Imagine skipping I-5 gridlock to shoot like a bullet from Portland to Seattle in 17.2 minutes. It’s not science fiction. Led by eight-year Boeing veteran Ahmed Elayouty and a group of University of Washington students, the Pacific Hyperloop project seeks to make that dream a reality through billionaire SpaceX founder Elon Musk’s Hyperloop technology.
“There’s already an appetite, between Vancouver [BC] to Portland, on connecting all our major cities,” Elayouty says. “If you’re going to spend on high-speed rail, you might as well spend on Hyperloop.”
Hyperloop One, a Los Angeles–based private enterprise currently testing the technology in the Nevada desert, is picking three of 11 American and 24 international proposals to finance and market to regional governments. If Pacific Hyperloop’s Portland-Seattle route is chosen, the money to build it could follow in the next two decades.
How would it work?
Users enter a train compartment–like pod, connected with other pods to form a megapod, in a pneumatic tube. Without air resistance, the megapods can reach nearly supersonic speeds of 760 miles per hour.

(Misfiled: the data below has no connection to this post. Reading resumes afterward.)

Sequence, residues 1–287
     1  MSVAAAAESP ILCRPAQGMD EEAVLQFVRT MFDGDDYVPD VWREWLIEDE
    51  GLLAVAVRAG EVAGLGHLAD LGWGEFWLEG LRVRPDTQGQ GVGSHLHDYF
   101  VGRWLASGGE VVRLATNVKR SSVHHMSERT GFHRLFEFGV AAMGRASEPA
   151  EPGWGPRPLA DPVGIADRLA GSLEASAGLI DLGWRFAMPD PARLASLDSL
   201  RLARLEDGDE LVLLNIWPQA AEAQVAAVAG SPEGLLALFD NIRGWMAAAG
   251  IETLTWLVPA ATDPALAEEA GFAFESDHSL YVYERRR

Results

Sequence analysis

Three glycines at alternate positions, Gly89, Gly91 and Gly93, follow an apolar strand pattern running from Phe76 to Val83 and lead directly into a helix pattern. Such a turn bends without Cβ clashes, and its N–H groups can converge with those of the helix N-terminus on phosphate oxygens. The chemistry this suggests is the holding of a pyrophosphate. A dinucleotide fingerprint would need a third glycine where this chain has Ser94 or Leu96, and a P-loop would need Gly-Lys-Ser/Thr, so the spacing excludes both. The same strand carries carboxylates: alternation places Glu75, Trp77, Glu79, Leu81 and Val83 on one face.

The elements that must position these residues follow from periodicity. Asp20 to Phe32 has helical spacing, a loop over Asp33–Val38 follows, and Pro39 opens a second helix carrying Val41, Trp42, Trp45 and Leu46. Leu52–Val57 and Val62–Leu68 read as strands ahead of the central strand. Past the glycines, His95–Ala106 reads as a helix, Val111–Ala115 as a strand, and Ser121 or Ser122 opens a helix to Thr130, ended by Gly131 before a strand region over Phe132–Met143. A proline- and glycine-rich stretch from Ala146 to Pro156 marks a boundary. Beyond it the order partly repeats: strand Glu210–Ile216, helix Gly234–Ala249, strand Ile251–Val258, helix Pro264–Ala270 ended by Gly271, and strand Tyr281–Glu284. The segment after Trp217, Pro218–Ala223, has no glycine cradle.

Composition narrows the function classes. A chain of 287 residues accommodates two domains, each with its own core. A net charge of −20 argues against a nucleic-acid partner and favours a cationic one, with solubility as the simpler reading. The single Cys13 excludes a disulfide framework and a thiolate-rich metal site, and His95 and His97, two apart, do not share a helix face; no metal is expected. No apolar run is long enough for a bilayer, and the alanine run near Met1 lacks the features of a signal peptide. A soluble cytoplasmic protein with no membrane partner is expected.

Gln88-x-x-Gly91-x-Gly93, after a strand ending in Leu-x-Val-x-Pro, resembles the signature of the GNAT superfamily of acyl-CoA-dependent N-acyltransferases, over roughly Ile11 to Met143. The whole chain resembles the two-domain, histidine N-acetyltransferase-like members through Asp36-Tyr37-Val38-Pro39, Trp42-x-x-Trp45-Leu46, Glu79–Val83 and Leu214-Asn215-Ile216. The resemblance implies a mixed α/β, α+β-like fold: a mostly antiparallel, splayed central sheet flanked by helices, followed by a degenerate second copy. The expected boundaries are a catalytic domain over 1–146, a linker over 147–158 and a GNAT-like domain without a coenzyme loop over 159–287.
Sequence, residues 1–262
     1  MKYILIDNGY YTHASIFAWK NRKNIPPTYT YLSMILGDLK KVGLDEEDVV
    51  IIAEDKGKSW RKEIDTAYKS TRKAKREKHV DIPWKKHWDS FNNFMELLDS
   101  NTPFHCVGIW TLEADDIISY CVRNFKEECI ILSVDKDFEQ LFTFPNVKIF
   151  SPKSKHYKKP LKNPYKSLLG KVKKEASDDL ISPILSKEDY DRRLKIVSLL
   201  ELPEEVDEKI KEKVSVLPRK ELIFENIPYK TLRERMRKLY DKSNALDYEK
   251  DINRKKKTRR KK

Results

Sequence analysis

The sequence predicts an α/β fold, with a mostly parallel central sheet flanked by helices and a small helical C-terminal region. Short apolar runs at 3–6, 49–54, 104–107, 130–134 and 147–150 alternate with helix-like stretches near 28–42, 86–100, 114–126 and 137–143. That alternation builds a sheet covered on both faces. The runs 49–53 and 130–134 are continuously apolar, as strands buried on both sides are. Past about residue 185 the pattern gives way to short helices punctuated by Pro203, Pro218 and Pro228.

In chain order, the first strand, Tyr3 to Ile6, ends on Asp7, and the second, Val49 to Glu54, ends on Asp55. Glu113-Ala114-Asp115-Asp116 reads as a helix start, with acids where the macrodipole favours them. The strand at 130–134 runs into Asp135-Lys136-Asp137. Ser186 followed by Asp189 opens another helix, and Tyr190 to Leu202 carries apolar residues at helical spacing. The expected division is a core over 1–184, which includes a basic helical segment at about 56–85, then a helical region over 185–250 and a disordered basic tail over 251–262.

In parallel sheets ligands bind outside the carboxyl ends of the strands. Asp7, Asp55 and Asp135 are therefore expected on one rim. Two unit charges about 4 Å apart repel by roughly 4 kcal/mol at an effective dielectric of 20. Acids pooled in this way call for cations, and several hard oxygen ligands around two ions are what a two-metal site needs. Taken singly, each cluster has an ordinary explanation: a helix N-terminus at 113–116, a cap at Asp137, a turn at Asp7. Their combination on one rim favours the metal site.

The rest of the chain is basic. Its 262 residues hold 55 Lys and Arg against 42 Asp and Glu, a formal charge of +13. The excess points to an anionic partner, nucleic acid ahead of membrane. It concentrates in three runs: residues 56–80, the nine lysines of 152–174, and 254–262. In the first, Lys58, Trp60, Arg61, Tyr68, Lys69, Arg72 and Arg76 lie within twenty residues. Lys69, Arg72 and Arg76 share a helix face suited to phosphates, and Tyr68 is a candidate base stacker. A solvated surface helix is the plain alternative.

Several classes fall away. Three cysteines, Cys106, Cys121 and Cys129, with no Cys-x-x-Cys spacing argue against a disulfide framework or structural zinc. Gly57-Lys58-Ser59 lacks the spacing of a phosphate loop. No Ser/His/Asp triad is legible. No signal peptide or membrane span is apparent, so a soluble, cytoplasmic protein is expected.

Where would we put it?
Hyperloop would cross 173 miles of public and private land, which could be acquired through eminent domain, right-of-way easements, and profit-sharing with railways. “Right now they’re doing the easy part: making the technology work,” says Mark Hallenbeck, director of the Washington State Transportation Center. “Then they can start the hard part: figuring out how to take land from people.” One bright spot: unlike traditional rail, Hyperloop’s tube would perch on stilts spaced 45 to 100 meters apart, preserving farmland.
How much would it cost?
Hyperloop One would front some of the cost, and some public investment through state bonds would be needed. Once it’s established, Elayouty forecasts 50,000 round-trips per day on the Portland-Seattle route, putting the there-and-back cost around $50.
Who (or what) will ride it?
Pacific Hyperloop plans to start with a cut of the 36.1 million tons of cargo passing through Tacoma and Seattle ports, then progress to passenger transit. The most avid riders would be employees of tech companies like Intel, Amazon, and Microsoft.
Where would it stop?
Stations can be built without slowing down the pods, like off-ramps. Says Hallenbeck, “Centralia suddenly becomes Beaverton, a bedroom community for Portland.”